In states where marijuana has been legalized, alcohol sales have started to slide. Big alcohol companies admit they are keeping an eye out for this new competition for recreational dollars.
The latest to make a comment is Molson Coors Brewing Company (TAP) whose history goes back to the state of Colorado, ground zero for legalized recreational marijuana. In the company’s 10K filed yesterday it stated, “Although the ultimate impact is currently unknown, the emergence of legal cannabis in certain U.S. states and Canada may result in a shift of discretionary income away from our products or a change in consumer preferences away from beer. As a result, a shift in consumer preferences away from our products or beer or a decline in the consumption of our products could result in a material adverse effect on our business and financial results.”
The company even noted during its conference call that 21 to 24-year-olds have “primarily walked away from beer.”
In 2017, cannabis sales topped alcohol sales in the ski town of Aspen, CO. There are now more dispensaries in the town than there are liquor stores.
At a Bloomberg event, it was reported that Alexandre Ricard, who runs the Beefeater gin and Havana rum maker Pernod Ricard (PDRDY), said his company was “watching it closely” when asked whether he was monitoring the cannabis sector.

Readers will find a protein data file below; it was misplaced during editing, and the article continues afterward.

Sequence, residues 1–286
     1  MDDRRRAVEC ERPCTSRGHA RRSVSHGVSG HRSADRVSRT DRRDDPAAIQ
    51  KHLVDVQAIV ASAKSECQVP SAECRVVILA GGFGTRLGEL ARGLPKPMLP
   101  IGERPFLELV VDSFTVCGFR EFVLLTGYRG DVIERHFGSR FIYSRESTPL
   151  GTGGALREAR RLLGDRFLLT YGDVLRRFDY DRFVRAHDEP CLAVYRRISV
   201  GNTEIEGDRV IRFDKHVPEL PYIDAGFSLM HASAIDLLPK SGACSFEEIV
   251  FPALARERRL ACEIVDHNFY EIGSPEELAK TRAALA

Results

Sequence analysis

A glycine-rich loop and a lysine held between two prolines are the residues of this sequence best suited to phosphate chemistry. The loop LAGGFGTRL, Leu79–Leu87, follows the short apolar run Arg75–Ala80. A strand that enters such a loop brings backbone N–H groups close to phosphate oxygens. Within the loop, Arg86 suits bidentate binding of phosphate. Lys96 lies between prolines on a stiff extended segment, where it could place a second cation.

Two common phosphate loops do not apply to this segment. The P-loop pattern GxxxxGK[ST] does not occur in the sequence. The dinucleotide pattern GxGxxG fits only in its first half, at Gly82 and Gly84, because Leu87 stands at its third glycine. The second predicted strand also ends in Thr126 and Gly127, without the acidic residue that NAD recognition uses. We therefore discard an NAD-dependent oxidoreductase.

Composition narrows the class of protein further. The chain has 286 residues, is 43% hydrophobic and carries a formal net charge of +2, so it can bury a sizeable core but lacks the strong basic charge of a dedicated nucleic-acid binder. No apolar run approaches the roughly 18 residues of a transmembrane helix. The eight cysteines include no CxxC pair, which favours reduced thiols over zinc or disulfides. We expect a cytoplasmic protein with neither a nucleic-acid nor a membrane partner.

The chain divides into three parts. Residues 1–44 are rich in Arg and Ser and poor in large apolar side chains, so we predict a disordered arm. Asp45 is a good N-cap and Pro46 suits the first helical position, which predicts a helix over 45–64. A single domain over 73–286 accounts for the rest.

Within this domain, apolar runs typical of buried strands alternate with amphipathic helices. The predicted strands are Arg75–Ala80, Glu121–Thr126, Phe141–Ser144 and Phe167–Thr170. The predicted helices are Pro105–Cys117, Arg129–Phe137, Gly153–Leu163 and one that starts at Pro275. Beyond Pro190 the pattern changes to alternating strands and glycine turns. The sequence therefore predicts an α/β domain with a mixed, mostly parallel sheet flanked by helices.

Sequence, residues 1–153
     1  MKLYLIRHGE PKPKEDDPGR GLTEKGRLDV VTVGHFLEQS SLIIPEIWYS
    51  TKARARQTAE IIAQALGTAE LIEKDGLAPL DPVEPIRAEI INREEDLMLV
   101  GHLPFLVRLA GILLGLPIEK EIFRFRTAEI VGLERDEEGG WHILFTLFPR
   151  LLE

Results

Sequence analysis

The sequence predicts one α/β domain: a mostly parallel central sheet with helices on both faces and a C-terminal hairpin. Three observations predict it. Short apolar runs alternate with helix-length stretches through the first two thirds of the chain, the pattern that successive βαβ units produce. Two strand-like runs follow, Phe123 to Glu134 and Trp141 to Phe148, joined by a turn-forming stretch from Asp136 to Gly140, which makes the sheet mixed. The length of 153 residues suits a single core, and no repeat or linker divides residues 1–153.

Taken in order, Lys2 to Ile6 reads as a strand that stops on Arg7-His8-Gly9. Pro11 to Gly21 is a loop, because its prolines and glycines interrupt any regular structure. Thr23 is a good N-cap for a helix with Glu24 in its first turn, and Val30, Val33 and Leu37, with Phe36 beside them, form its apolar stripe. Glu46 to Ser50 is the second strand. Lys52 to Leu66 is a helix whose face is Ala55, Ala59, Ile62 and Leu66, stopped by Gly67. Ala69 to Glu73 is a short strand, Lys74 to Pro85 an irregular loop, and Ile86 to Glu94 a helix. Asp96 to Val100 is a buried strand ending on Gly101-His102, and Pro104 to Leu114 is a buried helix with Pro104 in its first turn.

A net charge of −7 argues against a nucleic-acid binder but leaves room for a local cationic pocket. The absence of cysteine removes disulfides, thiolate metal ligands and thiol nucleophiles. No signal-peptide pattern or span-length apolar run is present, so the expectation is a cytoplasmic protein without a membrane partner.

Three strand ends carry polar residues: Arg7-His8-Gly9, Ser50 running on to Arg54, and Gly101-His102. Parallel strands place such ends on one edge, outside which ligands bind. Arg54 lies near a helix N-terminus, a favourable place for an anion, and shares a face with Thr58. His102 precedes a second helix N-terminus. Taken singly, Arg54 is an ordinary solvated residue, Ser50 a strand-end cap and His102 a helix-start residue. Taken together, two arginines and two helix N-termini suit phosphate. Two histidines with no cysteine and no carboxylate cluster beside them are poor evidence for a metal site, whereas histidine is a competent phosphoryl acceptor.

Constellation Brands (STZ) seems to be the only alcohol company so far that is fighting its competition by buying in. Last fall, the company which is known for its Corona beer brand bought a 9.9% stake in Canadian cannabis company Canopy Growth.
“Canopy Growth has a seasoned leadership team that understands the legal, regulatory and economic landscape for an emerging market that is predicted to become a significant consumer category in the future,” said Constellation Brands CEO Rob Sands in a statement. “Our company’s success is the result of our focus on identifying early-stage consumer trends, and this is another step in that direction.”